May the moderate looks beyond Brexit
"Waited 12 months for that", the prime minister's chief of staff, Gavin Barwell, has just tweeted.
That's both a compliment to his boss, and a revelation perhaps too.
With the complexities of Brexit, the divisions in her party, the calamity of last year's conference speech, the antics of the former foreign secretary, and of course, her own fragilities, Theresa May has struggled to find her voice - and that's got nothing to do with running out of Strepsils.
Well today she found it, and in the words of one of her cabinet colleagues, not a particularly close ally, "she found her mojo".
From the moment she danced on to the stage - who would have thought we'd ever see that - she looked comfortable in her own skin, actually happy to be there.
It sounds strange, but it is so rare to see her overtly enjoying her job.
On so many occasions the public has seen a politician who seems constricted, conflicted, and ill-at-ease. For voters, frankly, if she doesn't look like she is enjoying being prime minister, why should any of us be happy about the fact she's doing it.
Beyond the vital dynamics of the hall, there was a consistent message - this was May the moderate of summer 2016, not May the leader cleaving to one side of her party, the Eurosceptics who have the power to unseat her. A message to her party and the country that in a time of some anxiety, huge uncertainty, and toxic politics, she'll chart a middle course.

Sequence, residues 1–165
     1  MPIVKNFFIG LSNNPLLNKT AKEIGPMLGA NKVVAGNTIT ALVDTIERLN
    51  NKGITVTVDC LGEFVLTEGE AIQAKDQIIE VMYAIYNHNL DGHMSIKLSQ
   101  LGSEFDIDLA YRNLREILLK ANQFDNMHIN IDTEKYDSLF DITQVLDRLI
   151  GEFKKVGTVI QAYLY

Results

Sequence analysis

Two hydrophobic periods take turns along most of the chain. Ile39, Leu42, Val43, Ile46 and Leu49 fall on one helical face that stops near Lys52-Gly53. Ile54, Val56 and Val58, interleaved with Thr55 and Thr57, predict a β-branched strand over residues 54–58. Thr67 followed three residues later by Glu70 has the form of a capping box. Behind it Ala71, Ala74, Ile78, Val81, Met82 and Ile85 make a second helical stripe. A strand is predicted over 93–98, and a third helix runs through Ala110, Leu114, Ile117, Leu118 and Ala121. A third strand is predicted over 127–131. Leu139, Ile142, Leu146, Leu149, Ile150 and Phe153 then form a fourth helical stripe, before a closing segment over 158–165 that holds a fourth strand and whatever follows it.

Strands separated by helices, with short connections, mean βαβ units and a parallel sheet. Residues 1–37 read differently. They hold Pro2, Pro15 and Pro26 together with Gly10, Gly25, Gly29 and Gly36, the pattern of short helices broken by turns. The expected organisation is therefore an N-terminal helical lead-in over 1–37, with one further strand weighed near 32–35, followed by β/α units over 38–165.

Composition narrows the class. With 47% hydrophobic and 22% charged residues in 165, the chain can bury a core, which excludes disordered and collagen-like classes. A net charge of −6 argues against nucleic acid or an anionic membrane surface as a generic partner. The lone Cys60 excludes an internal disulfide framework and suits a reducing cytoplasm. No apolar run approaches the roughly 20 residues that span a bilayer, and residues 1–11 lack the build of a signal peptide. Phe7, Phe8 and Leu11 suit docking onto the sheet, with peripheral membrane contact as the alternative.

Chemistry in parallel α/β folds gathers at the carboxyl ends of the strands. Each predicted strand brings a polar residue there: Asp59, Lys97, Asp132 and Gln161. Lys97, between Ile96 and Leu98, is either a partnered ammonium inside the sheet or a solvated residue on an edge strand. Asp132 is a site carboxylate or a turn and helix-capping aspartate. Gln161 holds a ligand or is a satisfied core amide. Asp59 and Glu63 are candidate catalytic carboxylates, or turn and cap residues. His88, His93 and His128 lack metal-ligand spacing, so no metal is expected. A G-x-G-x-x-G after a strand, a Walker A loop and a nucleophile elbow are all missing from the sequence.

There was a big claim that austerity was over. Given that Chancellor Philip Hammond has not got extra cash to throw around and is already looking to raise tax for the NHS, that was a bold claim that may come to haunt the government.
And a direct appeal to Labour voters, and indeed Labour MPs, who may be uncomfortable with the direction of Jeremy Corbyn's travel. Overtly centre-ground stuff, a pitch for an era after Brexit when, perhaps, perhaps, the tensions and bitterness of the last couple of years could fade. That is a big if.
This was a total contrast to last year's disaster. A good outing on the platform doesn't make any of Mrs May's enormous dilemmas disappear. Nor will it magic away the concerns and criticisms of her handling of Brexit.
There are restive forces in her party. She has no majority in Parliament. The Conservatives have huge questions they can't answer about who they are and what they are for.
The fact remains, many of her colleagues simply can't see her taking them into the next election. But Theresa May looks today less like a leader at the total mercy of events, more like a prime minister who knows what she wants and might, just might, have an idea how to get there.